You ain’t heard nothin’yet.
Country-music listeners probably think they know the music of Darryl Worley because of hits like “I Miss My Friend,” “A Good Day to Run” and “Have You Forgotten.” But the 6’6” Tennessee traditionalist is issuing an album that completely reinvents him as an artist. Darryl Worley, his 2004 DreamWorks Records collection, is a revelation in every way. The songwriting, his vocal performances, the sound quality, the energy level and the sheer musicality of this album are all a leap beyond anything he has done to date.
Darryl Worley is this man’s first real statement as an artist.
“This almost feels like my first album,” Worley comments. “The other records got me ready to make this one. We did some things in the studio very differently this time. I wanted this to have a bit more of an edge. I wanted some honky-tonk ‘grease’ on it. I wanted to pick up the tempo. I wanted to have fun.”
“The sonic tone of this music has changed drastically. I told the guys in the studio, ‘Let’s not worry too much about the technical end. Let’s not try to make this thing sound perfect. Let’s make it sound like live music.’ You can definitely feel that in the performances. And I think I’m singing better than I ever have.”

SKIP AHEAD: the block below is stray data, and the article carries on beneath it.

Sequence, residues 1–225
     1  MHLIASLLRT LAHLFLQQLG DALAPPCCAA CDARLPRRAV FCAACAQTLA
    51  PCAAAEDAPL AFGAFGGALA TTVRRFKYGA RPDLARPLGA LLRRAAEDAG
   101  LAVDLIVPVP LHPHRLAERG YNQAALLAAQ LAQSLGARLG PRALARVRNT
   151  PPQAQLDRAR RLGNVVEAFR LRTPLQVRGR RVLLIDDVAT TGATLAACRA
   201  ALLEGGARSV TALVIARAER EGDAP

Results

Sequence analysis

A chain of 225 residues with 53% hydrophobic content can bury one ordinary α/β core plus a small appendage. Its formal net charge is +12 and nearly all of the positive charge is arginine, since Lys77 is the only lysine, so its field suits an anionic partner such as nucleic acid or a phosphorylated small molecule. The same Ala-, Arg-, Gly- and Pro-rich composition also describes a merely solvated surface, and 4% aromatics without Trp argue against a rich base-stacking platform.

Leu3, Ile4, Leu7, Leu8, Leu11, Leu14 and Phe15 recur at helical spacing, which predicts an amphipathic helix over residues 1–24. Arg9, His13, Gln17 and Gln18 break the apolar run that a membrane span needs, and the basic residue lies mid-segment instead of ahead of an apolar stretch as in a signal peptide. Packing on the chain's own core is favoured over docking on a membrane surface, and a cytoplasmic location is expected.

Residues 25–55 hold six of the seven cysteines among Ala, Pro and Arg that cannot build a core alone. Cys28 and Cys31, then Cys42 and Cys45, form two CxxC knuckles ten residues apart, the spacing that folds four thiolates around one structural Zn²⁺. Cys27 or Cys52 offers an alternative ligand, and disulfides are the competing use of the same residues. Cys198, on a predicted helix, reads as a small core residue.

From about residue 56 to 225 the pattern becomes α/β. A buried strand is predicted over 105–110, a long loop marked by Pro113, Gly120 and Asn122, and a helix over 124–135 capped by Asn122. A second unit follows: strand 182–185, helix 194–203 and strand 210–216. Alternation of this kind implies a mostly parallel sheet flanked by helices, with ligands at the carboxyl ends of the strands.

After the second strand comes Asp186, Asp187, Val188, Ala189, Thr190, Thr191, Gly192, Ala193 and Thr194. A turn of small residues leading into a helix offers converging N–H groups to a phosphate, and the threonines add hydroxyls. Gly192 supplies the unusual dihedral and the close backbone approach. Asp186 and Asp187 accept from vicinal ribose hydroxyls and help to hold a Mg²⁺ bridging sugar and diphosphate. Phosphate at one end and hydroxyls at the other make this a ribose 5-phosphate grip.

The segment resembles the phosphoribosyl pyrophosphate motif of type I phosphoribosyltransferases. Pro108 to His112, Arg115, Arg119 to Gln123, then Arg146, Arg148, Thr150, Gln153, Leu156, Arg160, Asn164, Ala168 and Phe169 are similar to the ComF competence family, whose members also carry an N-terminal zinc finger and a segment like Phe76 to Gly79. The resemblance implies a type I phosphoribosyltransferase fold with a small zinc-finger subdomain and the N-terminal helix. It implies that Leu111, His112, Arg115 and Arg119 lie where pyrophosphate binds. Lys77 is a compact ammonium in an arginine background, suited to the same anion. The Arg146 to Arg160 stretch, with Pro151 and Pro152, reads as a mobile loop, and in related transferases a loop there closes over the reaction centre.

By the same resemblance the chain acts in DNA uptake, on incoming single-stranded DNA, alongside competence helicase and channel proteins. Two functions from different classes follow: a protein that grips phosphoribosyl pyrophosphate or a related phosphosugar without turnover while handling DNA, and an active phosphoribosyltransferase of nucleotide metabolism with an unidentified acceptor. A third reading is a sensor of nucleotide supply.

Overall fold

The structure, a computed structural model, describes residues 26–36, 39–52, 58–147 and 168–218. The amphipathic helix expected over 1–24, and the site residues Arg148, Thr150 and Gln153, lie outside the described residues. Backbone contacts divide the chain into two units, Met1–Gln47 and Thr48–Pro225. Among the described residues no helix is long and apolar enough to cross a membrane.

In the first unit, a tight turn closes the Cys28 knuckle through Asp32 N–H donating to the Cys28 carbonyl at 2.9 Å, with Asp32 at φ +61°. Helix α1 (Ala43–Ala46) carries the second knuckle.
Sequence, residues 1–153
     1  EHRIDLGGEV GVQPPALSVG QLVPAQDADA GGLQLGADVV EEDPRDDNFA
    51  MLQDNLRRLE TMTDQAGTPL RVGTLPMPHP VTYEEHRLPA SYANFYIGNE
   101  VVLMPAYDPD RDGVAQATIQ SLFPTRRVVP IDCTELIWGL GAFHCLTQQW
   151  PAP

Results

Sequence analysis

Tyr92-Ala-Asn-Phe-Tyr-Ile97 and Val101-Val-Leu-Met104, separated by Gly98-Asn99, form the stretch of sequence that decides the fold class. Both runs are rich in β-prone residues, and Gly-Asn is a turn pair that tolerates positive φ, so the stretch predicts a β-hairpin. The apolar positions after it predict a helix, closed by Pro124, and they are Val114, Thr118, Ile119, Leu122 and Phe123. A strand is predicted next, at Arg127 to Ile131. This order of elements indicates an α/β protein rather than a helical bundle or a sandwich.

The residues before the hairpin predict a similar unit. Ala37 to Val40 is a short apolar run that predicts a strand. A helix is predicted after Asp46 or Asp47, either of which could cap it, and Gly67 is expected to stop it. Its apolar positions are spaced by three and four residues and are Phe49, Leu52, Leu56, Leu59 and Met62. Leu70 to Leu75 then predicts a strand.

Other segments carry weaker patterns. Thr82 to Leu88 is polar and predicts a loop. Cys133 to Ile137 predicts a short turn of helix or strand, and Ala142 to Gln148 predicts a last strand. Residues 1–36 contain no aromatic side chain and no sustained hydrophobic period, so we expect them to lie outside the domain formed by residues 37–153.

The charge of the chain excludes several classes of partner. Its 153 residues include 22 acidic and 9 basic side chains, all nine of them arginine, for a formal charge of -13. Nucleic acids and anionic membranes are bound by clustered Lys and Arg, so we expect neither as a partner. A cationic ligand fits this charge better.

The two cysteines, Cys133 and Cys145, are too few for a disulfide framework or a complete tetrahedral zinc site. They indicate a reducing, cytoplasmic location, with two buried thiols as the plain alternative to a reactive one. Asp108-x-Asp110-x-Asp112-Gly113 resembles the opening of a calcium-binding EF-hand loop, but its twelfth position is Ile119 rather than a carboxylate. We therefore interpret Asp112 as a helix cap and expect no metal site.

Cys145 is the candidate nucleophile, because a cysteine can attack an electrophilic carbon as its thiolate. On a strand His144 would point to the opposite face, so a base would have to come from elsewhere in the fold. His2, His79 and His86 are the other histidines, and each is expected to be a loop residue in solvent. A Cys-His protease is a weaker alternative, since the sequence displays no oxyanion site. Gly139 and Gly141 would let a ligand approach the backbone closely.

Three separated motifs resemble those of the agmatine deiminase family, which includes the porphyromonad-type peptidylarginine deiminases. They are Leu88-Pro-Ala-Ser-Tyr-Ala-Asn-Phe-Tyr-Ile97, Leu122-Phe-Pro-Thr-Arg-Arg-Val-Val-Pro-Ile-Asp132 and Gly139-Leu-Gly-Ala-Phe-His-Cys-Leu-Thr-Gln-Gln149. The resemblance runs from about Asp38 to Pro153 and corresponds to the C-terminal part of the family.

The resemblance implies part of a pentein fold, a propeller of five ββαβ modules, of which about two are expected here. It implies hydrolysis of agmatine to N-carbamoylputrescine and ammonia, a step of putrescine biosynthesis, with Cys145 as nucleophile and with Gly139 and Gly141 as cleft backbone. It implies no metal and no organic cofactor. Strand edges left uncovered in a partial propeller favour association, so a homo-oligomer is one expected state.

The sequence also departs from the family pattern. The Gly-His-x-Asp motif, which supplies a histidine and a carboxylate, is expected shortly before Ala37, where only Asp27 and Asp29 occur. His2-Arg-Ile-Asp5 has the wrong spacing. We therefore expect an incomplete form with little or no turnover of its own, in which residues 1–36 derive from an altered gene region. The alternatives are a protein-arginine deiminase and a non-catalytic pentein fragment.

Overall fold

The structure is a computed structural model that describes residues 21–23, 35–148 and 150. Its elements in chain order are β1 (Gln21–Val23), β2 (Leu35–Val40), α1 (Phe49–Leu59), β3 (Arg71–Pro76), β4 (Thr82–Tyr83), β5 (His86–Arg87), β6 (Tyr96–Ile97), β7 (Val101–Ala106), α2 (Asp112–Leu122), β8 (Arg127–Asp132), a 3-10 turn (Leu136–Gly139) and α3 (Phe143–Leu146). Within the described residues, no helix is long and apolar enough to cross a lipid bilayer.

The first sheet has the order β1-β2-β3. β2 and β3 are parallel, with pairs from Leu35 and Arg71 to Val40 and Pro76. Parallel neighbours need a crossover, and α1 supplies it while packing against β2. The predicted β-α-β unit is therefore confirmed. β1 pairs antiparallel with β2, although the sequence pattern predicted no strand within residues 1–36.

“I feel something in this music that I have never felt before. We’re still cutting country records, and I’ll always write and sing songs with messages. But this time the lyrics are with music that has cooler grooves. My music has grown a lot. And I think when people hear it, they’re going to say, ‘You’ve come a long way.’”
It’s clear from the opening notes of “Awful Beautiful Life.” The rumbling “outlaw” bass and stuttering electric guitars, announce that Darryl Worley is here to kick some serious musical butt. “Was It Good for You” is a sexy, romping merry maker. Worley’s chesty delivery of “Better Than I Deserve” is backed by bouncing fiddle bows, twanging guitars and a stompin’ groove. As is typical of this CD, there’s a message in the lyric, as well as a lively new sound.
“While we were out on the road, I watched the dynamics of other artists’ shows – Keith Urban, Montgomery Gentry, Trace Adkins – and I noticed how they moved along better. I thought, ‘If I’m lacking anything, it’s probably a little more tempo to the show.’ So this album has better grooves, more tempo. But you know me: Even the uptempo stuff has usually got a hard-hitting message to it.”
For an illustration, consider “Work and Worry.” There’s a moral prescription inside its wildly entertaining, loose-limbed, good-timey, funky musical vibe. “If It Hadn’t Been for Love” has a dark, moody, intense track with a strong rhythmic undertow. All of which perfectly fit its tale of murder and imprisonment. The story song “If Something Should Happen” has a lilting melody and a breezy production. Yet it is told from the point of view of a man who’s going to be operated on for cancer.